Accounting for most of their revenue, enterprise clients are a cornerstone of Microsoft’s growth strategy – with an increased focus on cloud services, the changes in this document are much more important to our clients here at FedSolutions. Much like the update of the consumer facing Service Agreement and Privacy Statement, the updated Enterprise Agreement is intended to address the new reality of cloud based enterprise services and to offer a degree of flexibility that will allow enterprise customers to manage the current and future needs of their IT solutions and infrastructure as they look to transition users online in accordance with their internal adoption plans and time frames, while enabling companies to manage various licences and tools for each worker type through a single agreement.

In the past, the Microsoft Enterprise Agreement was a 3 year agreement offering: annual revisions, simple desktop management for organizations with more than 250 PCs, software assurance for on-premise software and the promise of best pricing and on-premise infrastructure discounts.

With the updated Enterprise Agreement, Microsoft is enabling its top tier clients to:

  • Transition to cloud based services at their own pace;
  • Have the flexibility to move users back and forth between on-premise deployments and online services;
  • Match and adjust online services plans that best meet the needs of end users;
  • Quickly and easily respond to additions or variations in the size of the organizations workforce;
  • Eliminate incremental online service costs in the year when a user transitions;

Which EA products move online?

With Office 365 and Windows Intune, Microsoft now allows basically all EA products to be moved online – the legacy offering of User Productivity and IT Management and Security Solutions that were licensed under a complicated mix of per User or Device, are now streamlined for the two key online pillars.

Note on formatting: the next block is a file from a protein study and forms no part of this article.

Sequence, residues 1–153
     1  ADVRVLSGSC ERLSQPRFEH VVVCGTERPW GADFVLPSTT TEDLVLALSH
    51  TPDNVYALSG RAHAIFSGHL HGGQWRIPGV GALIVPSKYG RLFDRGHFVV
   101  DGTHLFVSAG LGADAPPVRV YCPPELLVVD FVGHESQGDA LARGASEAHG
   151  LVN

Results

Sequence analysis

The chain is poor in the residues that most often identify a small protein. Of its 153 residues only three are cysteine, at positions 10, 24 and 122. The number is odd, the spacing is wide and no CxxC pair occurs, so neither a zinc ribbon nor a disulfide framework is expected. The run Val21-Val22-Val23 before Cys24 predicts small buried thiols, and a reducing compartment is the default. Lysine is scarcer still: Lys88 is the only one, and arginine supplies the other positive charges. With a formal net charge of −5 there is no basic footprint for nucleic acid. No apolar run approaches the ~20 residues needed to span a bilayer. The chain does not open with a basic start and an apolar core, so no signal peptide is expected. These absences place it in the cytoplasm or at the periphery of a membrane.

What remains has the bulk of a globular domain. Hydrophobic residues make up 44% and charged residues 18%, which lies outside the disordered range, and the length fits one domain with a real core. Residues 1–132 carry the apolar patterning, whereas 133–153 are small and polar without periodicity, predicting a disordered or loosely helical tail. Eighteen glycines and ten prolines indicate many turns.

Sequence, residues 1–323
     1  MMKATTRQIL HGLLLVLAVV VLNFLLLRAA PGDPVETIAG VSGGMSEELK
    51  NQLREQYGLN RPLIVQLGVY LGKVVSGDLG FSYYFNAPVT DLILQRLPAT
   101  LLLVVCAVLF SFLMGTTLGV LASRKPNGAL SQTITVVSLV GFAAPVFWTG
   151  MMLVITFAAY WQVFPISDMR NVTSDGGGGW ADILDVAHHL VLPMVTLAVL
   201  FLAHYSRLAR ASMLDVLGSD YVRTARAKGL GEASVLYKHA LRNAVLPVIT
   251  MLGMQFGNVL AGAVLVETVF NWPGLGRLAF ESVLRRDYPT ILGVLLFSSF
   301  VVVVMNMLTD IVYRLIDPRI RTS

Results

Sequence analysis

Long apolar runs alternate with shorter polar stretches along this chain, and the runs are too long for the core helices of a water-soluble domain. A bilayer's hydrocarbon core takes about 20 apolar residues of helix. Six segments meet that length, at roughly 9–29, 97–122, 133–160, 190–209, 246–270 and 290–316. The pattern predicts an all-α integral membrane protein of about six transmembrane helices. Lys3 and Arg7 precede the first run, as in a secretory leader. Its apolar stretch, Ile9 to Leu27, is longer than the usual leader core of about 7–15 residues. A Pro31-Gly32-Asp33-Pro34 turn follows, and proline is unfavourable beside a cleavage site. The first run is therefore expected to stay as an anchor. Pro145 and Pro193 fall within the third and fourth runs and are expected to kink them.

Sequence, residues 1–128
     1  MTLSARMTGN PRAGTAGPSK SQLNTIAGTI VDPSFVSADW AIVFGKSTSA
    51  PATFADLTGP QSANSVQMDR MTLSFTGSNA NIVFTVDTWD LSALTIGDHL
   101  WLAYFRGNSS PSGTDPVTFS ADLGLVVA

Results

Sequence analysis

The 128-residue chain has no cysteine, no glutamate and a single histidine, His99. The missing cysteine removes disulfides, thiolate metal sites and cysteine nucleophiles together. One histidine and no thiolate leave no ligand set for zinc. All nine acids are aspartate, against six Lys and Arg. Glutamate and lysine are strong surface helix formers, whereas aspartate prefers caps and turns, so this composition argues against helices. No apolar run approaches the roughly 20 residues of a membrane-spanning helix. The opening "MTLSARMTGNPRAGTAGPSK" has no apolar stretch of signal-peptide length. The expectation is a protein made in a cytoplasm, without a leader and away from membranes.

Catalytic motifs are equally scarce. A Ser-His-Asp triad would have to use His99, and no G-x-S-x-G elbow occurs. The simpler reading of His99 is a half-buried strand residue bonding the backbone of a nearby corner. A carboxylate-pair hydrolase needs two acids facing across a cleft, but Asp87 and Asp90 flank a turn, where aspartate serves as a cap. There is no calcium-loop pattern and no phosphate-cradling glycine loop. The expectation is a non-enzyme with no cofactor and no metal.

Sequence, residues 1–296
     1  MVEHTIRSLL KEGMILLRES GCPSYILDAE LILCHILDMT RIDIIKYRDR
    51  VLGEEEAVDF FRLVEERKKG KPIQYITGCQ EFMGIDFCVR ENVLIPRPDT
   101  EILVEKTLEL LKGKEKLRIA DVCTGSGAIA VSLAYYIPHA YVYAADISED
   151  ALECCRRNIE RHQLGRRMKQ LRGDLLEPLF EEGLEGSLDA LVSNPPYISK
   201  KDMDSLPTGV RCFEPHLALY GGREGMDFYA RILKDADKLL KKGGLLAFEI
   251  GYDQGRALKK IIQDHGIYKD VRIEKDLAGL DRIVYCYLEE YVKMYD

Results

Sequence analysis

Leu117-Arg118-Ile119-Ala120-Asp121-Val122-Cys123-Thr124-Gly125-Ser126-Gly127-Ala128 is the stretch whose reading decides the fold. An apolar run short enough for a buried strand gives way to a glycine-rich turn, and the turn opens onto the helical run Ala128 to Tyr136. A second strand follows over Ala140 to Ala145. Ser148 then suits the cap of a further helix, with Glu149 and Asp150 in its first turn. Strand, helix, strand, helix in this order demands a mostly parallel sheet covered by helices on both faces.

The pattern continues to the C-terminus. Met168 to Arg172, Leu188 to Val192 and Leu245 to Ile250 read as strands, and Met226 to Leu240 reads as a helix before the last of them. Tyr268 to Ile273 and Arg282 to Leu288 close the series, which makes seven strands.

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What does this mean in terms of licensing value?

The updated EA seeks to offer enterprise clients and end users a more granular way of tool selection covering low requirements kiosk workers with basic productivity and management tools that even today do not have messaging and collaboration capabilities – and an easy way to upgrade these packages to ones rich with features and intended to satisfy the complete messaging and collaboration needs of the more demanding enterprise information workers.

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What types of transitions are permitted?

Microsoft outlines two main programatic transition types available in their product list:

  • Equivalent Transitions: meaning like to like workload transitions from on-premise to online solutions, and this does not incur online services costs during the transition year, for eg. Office Pro+ and ECAL to Office365 E3
  • Non-Equivalent Transitions:  which addresses either lesser or greater workload transitions from on-premise to online solutions  – this incurs reduced online services costs during the transition year which is applied only durig the transition year

It is important to point out that there are only certain permitted transitions for Enterprise Product elections and some transitions do in fact require organizations retaining one or more enterprise components:

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[1] Horacio Gutiérrez – Deputy General Counsel & Corporate Vice President, Legal and Corporate Affairs, Microsoft , Improving the Microsoft Services Agreement and Privacy Statement for consumers, June 4, 2015